Ben Fuchs is a staff writer with Vault.com. Prior to moving to New York, he worked as deputy press secretary to a California assemblyman and as a reporter for several West Coast newspapers, including the San Diego Union-Tribune. He holds a B.A. from the University of Oregon’s School of Journalism and Communication.
No, this isn’t another superlative-laden faux-business piece re-affirming Dov Charney’s status as Hipster Magnate Ad Infinitum. That’s been done. And done, and done. But I do plan to extol the successes of the polarizing American Apparel founder and his monochromatic empire—not for his V-necked influence on the Grizzly Bear crowd, but for his ability to craft a business that uses risk to its advantage as well as any in recent memory.
Earlier this month, Obama environmental jobs advisor Van Jones resigned amid growing furor over his signing of a 9/11 conspiracy petition in 2004....an examination of the rest of Jones’ career provides a case study in the rewards and pitfalls inherent to leadership risk.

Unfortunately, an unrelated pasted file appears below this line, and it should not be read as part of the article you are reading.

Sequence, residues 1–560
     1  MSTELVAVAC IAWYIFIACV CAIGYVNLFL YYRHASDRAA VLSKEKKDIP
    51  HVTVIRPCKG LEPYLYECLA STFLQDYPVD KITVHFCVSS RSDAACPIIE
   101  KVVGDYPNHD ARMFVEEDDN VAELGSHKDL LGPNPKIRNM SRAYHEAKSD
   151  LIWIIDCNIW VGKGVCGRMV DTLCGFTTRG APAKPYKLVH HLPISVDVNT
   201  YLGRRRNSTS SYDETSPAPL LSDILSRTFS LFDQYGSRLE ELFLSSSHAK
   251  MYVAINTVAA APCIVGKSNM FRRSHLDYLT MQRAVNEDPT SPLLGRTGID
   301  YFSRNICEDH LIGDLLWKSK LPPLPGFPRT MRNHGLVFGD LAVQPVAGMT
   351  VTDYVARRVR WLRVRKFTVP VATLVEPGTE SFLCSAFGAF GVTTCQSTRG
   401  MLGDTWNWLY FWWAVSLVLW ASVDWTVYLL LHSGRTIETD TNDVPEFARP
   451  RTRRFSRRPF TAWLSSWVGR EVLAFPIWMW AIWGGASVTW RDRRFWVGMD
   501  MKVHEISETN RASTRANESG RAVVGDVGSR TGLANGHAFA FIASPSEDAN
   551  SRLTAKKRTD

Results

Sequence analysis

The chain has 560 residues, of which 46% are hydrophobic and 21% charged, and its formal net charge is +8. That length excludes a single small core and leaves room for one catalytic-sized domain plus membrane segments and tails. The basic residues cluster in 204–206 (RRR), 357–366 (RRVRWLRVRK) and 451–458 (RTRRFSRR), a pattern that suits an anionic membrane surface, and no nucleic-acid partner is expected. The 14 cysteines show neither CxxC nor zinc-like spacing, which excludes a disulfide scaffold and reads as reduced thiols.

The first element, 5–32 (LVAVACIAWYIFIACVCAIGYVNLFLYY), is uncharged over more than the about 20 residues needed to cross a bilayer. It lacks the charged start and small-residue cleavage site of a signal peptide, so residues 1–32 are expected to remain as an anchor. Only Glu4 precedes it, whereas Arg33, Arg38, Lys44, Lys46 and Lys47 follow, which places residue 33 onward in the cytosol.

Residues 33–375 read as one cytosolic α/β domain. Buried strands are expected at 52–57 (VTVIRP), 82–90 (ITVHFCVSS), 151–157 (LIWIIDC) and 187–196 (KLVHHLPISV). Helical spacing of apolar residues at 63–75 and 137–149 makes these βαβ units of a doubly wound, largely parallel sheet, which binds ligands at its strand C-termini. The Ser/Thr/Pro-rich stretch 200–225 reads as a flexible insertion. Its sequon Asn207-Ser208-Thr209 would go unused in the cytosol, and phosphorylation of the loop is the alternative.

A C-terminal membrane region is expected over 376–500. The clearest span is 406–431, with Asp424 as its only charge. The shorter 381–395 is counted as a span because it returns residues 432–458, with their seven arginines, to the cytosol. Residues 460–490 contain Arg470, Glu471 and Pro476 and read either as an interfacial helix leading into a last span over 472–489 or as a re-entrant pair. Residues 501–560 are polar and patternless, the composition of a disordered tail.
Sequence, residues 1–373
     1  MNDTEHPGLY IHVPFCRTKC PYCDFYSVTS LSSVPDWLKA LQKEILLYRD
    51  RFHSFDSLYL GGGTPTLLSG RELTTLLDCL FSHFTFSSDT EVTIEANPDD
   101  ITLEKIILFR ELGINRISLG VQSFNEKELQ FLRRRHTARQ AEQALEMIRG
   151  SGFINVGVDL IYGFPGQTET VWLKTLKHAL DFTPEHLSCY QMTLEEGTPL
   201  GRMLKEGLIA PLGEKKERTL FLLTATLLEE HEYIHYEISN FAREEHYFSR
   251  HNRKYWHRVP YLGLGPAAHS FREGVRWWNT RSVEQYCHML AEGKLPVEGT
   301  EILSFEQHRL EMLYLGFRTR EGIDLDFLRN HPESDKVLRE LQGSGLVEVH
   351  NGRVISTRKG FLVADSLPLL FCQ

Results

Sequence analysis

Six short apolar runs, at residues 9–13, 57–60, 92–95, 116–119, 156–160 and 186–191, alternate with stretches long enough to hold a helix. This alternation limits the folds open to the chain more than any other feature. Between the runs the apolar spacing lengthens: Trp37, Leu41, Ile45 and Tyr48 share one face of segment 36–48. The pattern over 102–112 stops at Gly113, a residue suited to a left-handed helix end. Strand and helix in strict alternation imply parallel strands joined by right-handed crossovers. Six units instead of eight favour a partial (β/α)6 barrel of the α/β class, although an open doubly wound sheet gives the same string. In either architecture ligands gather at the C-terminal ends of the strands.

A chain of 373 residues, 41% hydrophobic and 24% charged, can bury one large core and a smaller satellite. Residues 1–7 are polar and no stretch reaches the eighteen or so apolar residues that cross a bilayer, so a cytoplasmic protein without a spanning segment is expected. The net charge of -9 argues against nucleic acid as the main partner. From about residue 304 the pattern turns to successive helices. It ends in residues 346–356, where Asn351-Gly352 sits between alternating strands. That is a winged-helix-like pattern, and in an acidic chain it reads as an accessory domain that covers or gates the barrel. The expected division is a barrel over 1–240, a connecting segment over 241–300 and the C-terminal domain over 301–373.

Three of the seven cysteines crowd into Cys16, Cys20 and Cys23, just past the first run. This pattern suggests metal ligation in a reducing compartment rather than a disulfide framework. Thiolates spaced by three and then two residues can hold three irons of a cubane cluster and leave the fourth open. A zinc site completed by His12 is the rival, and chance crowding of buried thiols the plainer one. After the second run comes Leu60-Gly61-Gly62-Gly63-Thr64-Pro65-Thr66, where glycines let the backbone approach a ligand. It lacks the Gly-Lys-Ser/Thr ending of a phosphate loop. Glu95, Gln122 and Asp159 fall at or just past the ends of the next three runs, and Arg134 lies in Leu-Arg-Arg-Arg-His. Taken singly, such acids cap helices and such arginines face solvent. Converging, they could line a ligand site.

In the past, we’ve urged executives to understand and avoid the blunders committed by multiple generations of American automaker execs ... What we haven’t highlighted—but which should be intuitive—is that a much larger class of professionals is studying precisely the same thing.
The results of Election Day served as a warning from your twentysomething employees and future recruits; America’s educated young—that they are increasingly cognizant of, and proactive about—the urgent need to address global warming.